3M says it has cooperated with the FDA and invested in its facilities in preparation of the phase-out of CFC containing metered dose inhalers (MDIs).
The US Food and Drug Administration (FDA) has published an update informing users that the remaining two inhalers for the treatment of asthma and chronic obstructive pulmonary disease (COPD) containing chloroflurocarbons (CFCs), will soon be taken off the market.
The Combivent Inhalation Aerosol - marketed by Boehringer Ingelheim - will no longer be available after July 31, whilst a deadline of the end of the year has been placed on the Maxair Autohaler. Both are manufactured by 3M at its Northridge, California facility.
Speaking with this publication, 3M Communications Manager Rosalind Smith said “as with all of its pharmaceutical partners, 3M has worked in close cooperation with the marketing authorisation holders on their plans to phase out CFC-containing asthma inhalers, in compliance with global legislation.”
Smith continued, adding that “going forward, 3M has recently made a significant investment in pressure filling manufacturing capability at Northridge to complement its existing cold filling capability, ensuring 3M remains at the forefront of metered dose inhaler manufacturing.”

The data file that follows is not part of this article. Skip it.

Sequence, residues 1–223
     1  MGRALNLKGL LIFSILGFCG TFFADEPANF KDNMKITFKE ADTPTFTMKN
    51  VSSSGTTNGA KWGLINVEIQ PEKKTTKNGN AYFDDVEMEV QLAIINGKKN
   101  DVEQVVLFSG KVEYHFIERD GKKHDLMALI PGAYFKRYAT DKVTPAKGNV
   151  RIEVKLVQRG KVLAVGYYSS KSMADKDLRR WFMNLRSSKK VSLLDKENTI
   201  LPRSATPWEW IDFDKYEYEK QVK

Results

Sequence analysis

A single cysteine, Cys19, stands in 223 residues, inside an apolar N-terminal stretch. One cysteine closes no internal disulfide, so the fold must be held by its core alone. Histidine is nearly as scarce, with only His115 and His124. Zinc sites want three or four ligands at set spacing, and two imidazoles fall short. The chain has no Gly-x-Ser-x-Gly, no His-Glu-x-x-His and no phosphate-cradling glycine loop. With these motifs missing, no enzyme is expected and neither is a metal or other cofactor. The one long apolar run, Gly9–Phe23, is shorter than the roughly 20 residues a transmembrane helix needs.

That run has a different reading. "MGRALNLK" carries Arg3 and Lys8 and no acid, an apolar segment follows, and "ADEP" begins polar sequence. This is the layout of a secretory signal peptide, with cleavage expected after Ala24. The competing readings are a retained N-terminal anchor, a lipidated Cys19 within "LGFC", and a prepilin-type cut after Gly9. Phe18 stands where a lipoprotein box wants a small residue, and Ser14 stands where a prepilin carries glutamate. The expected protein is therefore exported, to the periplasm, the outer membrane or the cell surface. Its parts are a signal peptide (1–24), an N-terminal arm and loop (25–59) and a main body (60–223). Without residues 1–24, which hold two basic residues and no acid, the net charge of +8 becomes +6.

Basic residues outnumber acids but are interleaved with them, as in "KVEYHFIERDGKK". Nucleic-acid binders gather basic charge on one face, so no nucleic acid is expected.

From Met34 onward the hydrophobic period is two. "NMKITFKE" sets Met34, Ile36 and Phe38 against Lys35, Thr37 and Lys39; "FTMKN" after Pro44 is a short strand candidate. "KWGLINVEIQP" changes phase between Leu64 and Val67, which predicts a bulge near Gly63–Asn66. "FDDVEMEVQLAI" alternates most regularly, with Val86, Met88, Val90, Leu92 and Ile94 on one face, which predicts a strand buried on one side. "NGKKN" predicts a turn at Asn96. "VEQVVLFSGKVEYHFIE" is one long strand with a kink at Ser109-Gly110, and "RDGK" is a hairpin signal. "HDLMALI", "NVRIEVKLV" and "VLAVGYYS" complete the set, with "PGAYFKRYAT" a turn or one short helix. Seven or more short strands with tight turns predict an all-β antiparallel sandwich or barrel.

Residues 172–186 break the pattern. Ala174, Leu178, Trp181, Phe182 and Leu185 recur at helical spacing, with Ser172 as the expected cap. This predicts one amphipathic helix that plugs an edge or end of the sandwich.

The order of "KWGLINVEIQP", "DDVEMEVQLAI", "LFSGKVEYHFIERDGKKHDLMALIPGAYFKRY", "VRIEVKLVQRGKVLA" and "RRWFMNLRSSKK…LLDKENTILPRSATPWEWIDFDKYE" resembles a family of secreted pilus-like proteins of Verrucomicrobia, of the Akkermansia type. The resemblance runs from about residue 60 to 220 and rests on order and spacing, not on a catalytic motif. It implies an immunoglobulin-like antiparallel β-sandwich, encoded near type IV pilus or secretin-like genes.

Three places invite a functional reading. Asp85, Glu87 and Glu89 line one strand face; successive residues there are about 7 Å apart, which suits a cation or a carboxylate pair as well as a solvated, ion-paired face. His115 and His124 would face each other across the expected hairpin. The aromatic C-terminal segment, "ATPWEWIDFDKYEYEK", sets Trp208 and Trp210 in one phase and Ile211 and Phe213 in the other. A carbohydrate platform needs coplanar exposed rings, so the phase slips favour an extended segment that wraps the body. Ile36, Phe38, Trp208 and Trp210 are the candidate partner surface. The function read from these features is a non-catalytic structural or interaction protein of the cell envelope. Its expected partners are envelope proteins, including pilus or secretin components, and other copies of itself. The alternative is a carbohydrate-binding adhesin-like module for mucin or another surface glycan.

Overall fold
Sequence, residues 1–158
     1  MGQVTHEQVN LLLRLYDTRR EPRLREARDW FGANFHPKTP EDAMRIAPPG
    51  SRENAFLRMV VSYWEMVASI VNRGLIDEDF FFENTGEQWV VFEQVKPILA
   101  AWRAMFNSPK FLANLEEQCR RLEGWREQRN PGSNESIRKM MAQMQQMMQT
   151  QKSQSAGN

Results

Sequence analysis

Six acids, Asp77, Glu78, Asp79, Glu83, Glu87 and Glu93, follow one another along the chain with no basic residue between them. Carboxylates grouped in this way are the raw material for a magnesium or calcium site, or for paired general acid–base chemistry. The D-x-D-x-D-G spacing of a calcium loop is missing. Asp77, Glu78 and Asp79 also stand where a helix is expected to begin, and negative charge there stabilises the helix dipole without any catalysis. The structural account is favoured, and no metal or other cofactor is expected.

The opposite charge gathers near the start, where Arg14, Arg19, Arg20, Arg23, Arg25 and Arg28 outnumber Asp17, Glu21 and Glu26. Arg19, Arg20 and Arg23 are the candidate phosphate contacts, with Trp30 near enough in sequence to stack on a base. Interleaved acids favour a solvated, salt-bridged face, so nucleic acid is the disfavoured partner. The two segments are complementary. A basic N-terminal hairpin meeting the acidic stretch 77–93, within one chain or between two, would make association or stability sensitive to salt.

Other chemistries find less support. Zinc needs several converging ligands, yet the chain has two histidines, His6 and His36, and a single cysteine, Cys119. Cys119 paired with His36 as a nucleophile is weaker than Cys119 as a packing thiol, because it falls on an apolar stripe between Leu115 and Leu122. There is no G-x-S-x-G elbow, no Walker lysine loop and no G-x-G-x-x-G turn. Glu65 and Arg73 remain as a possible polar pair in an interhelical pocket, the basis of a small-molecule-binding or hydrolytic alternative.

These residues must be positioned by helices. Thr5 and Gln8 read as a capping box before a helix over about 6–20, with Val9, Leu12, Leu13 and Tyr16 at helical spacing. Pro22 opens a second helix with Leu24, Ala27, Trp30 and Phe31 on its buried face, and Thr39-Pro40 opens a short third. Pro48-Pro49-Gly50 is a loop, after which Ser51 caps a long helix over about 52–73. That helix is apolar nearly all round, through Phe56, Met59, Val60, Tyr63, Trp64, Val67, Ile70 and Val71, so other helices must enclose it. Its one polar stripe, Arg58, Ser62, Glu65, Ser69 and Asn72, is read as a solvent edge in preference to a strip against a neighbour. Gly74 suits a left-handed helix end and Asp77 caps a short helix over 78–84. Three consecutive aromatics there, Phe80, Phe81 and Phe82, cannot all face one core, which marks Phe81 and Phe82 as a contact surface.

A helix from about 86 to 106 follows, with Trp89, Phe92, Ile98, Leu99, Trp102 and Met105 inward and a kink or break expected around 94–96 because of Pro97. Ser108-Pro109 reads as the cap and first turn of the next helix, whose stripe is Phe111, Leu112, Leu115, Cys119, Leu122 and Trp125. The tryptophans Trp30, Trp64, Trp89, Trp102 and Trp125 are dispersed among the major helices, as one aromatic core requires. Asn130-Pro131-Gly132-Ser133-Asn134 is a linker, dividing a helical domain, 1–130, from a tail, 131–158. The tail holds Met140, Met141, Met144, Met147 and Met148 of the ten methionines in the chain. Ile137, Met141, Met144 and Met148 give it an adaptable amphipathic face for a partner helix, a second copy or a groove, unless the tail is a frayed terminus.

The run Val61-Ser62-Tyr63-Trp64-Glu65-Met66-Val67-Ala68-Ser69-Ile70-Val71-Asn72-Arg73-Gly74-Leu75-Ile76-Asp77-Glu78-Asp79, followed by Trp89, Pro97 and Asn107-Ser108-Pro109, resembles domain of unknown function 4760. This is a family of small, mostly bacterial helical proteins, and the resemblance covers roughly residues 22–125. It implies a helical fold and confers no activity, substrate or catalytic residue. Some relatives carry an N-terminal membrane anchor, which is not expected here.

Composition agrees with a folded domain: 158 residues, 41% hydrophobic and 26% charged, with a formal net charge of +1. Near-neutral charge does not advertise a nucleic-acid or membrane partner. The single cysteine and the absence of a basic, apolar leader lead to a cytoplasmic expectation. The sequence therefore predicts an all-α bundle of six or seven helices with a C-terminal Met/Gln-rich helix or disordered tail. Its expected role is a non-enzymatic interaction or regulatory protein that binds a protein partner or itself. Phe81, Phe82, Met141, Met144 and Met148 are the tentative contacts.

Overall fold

Expansion came last year at the 300,000 sq. ft. facility, allowing the manufacture of new, non-CFC pressurised MDIs on a global scale. The company’s drug delivery unit also has facilities in Loughborough, UK and Hurlingham, Argentina.
Finally CFC Free
The FDA has for some time been targeting MDIs containing CFCs in response to The Montreal Protocol on Substances that Deplete the Ozone Layer , published in 2000, and the US Clean Air Act which has banned CFC production and importation since 1996 on all products except those deemed medically essential with no suitable alternative.
A phase out was originally proposed in 2004 , and the following year the FDA set a deadline of the end of 2008 for the complete end of production of albuterol inhalers using CFCs as propellants, replacing them with alternatives that use hydrofluoroalkanes (HFAs) as a propellant.
According to the regulatory body, the US has more than 25m people who suffer from asthma and an additional 15m have been diagnosed with COPD.
The end of production of the two MDIs should not, however, cause a problem for users of the devices. Boehringer Ingelheim’s Combivent Respimat is a CFC-free alternative to the Combivent Inhalation Aerosol, whilst the FDA has a continuously updated list of alternatives approved products on the market that don’t contain CFCs for users of the Maxair Autohaler.